Rashid Ali was born in a family of relative affluence — he was one of the few Muslims in Lakh village who had a farm, cattle, a roof over his head, and food aplenty. Ordinarily, with the sugarcane resting in the fields, only to be cut a month later, September was a month of leisure. The rise and fall of the sun didn’t dictate his actions. Time was a friend. But this September, in a district torn apart by riots, his life is dictated by necessity — of food, clothing, shelter.
It’s 8 pm at the Bassikalan refugee camp, and Ali sits with six other people, all from different villages. They tell stories of how they were attacked, the people and livestock they lost. But each knows, that in times like these, they are only fair-weather friends. At 8:15 pm, an organiser calls out that dinner is ready. And as 1,500 people fight their way to the makeshift kitchen, Ali finds his way to the front of the line.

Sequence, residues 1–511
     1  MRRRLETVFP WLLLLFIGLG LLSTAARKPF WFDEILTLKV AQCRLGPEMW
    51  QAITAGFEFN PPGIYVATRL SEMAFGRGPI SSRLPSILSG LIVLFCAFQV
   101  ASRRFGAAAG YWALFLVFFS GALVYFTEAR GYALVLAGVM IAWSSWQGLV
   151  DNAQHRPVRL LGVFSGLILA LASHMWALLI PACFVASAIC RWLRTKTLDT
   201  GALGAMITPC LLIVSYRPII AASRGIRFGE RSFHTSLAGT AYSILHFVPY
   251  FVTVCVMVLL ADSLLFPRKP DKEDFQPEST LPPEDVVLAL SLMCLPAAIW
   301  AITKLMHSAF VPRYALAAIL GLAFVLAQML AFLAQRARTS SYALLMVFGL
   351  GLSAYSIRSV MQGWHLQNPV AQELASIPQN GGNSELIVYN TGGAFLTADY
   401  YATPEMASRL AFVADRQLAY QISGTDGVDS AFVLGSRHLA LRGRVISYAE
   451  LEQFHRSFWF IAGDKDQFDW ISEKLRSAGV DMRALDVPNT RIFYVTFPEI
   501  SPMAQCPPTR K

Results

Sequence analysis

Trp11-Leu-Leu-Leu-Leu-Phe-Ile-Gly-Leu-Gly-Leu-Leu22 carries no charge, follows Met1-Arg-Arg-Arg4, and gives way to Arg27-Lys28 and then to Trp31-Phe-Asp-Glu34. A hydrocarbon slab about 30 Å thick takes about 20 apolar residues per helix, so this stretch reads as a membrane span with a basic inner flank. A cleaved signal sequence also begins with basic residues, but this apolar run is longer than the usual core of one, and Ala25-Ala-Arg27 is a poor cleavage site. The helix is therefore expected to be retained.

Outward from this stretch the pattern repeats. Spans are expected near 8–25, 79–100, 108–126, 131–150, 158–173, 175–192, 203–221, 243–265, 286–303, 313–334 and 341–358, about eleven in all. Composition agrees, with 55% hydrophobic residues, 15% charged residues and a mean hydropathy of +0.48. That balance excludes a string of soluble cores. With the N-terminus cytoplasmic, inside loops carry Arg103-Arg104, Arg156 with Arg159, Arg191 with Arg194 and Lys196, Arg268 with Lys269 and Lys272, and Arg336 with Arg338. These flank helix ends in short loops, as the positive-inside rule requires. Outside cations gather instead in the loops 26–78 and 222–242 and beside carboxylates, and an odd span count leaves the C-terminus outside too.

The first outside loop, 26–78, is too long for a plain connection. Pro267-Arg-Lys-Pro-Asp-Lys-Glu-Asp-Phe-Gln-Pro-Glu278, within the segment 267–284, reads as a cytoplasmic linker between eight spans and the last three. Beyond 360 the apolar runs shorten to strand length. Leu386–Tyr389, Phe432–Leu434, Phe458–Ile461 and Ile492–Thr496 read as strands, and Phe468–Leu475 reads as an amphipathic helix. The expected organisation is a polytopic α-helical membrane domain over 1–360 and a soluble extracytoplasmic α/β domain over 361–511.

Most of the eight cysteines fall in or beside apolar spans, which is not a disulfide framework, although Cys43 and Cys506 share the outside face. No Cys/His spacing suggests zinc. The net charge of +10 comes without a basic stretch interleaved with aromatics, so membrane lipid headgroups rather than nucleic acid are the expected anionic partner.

“It’s hard to live like this. Everyone here has a story of the life they left behind. We have to fight to reach the front of the line. They (organisers), try and make food for everyone. But they give bigger portions at the start. This is what my life has come to,” said Ali.
An hour later, there is another battle to be fought. This time, over pillows and a blanket.
“We have to give these supplies to women, children and the elderly first. For the rest, there is no choice but to give it to people who come first. We never have enough. People just keep pouring in,” said Nawaaz, an organiser of the refugee camp.
At 10 pm, as the lights are switched off, the prime focus is shelter for the night. There are three options — under the roof of the idgah, a tent, or